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Michigan GOP moves forward with 2020 election-denying secretary of state and AG

Kristina Karamo, who is headed towards becoming the Republican nominee for secretary of state in Michigan, gets an endorsement from Trump during his April 2 rally.
Scott Olson
Getty Images
Kristina Karamo, who is headed towards becoming the Republican nominee for secretary of state in Michigan, gets an endorsement from Trump during his April 2 rally.

Updated April 23, 2022 at 9:39 PM ET

Michigan Republicans picked two candidates — both deny the 2020 election results and have been endorsed by former President Donald Trump — to serve as the state's next top elections officer and top law enforcement official.

Kristina Karamo, a community college professor who rose to prominence after claiming she saw election fraud in Detroit in the last presidential race, won the three-person contest for secretary of state with about 67% of the vote at Saturday's GOP endorsement convention in Grand Rapids. On the November ballot, her opponent will be incumbent Democrat Jocelyn Benson.

Matt DePerno, an attorney who has pushed Trump's false claims of election fraud, won the party's endorsement for attorney general. In a runoff race, DePerno took 54% of the vote to defeat former state House Speaker Tom Leonard, who was seen as the more establishment Republican candidate. DePerno is now running against incumbent Democrat Dana Nessel.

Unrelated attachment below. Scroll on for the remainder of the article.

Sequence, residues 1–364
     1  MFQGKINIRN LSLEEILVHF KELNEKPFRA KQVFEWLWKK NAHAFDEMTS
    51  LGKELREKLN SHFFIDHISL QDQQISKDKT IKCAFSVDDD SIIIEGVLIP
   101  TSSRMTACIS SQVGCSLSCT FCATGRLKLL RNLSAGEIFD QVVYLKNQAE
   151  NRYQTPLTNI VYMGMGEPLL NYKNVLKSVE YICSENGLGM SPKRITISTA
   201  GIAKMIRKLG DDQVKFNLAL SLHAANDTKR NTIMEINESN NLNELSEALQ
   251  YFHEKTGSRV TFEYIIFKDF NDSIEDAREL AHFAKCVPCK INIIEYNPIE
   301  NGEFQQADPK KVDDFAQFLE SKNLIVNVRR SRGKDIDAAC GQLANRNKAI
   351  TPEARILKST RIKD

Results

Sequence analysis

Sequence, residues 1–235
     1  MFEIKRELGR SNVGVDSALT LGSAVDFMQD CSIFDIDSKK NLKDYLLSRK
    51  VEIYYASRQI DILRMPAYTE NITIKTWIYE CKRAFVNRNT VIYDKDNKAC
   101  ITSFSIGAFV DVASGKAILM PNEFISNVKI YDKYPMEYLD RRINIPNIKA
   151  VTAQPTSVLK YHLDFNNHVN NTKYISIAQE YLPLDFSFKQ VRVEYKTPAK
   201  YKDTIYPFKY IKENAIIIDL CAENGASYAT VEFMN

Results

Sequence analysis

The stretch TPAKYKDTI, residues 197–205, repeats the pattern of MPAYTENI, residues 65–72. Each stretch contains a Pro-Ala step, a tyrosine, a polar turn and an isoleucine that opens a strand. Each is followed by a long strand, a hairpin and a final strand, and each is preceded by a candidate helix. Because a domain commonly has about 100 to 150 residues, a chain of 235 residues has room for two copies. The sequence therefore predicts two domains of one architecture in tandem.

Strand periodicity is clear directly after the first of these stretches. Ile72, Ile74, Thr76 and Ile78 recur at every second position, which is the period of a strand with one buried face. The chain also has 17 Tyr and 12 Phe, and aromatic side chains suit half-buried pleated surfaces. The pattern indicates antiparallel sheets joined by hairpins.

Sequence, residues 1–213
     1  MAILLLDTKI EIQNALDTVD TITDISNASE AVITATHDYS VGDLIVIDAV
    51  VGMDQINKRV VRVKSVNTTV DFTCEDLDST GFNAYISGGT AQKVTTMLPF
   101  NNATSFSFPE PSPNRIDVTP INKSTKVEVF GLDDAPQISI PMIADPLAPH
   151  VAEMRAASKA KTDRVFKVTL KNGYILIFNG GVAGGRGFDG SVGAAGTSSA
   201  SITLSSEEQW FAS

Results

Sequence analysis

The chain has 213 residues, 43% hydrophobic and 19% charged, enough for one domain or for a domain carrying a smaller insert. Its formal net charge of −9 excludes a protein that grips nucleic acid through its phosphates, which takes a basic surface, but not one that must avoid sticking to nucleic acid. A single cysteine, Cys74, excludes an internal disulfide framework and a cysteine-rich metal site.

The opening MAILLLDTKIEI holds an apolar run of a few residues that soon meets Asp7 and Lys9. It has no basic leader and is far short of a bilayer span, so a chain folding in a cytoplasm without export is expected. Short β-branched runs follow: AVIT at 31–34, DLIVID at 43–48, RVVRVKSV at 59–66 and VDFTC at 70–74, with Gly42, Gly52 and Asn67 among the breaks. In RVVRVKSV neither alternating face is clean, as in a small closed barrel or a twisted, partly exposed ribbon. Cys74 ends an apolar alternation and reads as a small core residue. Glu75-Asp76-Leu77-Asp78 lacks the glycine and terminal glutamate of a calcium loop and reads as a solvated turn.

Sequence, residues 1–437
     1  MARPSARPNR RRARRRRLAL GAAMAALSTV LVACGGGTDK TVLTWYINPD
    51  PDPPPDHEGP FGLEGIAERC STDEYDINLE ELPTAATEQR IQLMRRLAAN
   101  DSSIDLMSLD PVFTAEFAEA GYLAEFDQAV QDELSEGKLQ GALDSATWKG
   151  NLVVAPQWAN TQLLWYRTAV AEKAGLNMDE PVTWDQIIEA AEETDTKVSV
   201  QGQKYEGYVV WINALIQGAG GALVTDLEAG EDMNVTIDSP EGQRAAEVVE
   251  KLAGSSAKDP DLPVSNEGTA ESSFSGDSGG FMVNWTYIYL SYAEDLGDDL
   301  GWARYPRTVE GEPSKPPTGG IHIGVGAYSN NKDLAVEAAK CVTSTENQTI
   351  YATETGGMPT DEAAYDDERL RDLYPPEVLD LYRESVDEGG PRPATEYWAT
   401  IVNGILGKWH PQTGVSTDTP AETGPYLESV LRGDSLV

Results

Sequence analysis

Michigan does not hold primary elections for a number of down-ballot races, including the secretary of state — who oversees elections — and attorney general. Instead, Republicans and Democrats endorse and nominate candidates for November's general election at party conventions.

At this weekend's GOP convention, the party voted resoundingly to support Trump's false claims about the 2020 election. About 2,000 delegates from across the state participated in the vote.

The convention was seen by many as the first major test of Trump's influence over the 2022 elections. Trump's former campaign attorney Rudy Giuliani attended the convention, as well as MyPillow founder Mike Lindell, who has become a leader in the election denial movement.

The former president came to Michigan earlier this month to stump with both Karamo and DePerno.

"This is not just about 2022," Trump said during his visit to the state in early April. "This is about making sure Michigan is not rigged and stolen again in 2024."

Karamo is the first of the many election-denying candidates running in secretary of state races across the U.S. to move toward appearing on a state ballot in November. She has also said she doesn't believe evolution should be taught in schools.

Incumbent Democrat Benson faced a torrent of threats and harassment following the 2020 election that echoed Trump's lies about voting in Michigan. Ahead of Saturday's vote, Benson said that she worried about the state of democracy, should the state elect a secretary of state candidate like Karamo, who thinks the 2020 election was stolen.

"It's like putting arsonists in charge of a fire department. It's like putting a bank robber in charge of a bank and giving them the keys to the vault," Benson said. "This is a choice between whether or not we'll have a democracy moving forward."

Looking ahead to the general election, some Michigan political insiders question whether Karamo will be able to widen her support outside of Trump's base, considering the range of controversial views she has already voiced.

She appeared at a QAnon-adjacent rally last year, and she has said she believes the conspiracy theory that left-wing activists were behind the riot at the U.S. Capitol on Jan. 6.

"Every ad from April 24 through November is going to say 'QAnon Karamo is too crazy for us,' " said state Rep. Beau LaFave, a Republican who ran for secretary of state against Karamo, before Saturday's vote.

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Miles Parks is a reporter on NPR's Washington Desk. He covers voting and elections, and also reports on breaking news.